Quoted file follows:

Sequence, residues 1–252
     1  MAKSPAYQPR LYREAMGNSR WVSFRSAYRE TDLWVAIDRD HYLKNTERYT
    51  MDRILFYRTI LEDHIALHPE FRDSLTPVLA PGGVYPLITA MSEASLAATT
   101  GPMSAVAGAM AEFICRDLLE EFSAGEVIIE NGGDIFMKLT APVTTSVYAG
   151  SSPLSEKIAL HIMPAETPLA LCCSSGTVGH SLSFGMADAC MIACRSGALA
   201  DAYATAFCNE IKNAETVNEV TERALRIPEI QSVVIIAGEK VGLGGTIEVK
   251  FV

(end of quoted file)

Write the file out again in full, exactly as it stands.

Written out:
Sequence, residues 1–252
     1  MAKSPAYQPR LYREAMGNSR WVSFRSAYRE TDLWVAIDRD HYLKNTERYT
    51  MDRILFYRTI LEDHIALHPE FRDSLTPVLA PGGVYPLITA MSEASLAATT
   101  GPMSAVAGAM AEFICRDLLE EFSAGEVIIE NGGDIFMKLT APVTTSVYAG
   151  SSPLSEKIAL HIMPAETPLA LCCSSGTVGH SLSFGMADAC MIACRSGALA
   201  DAYATAFCNE IKNAETVNEV TERALRIPEI QSVVIIAGEK VGLGGTIEVK
   251  FV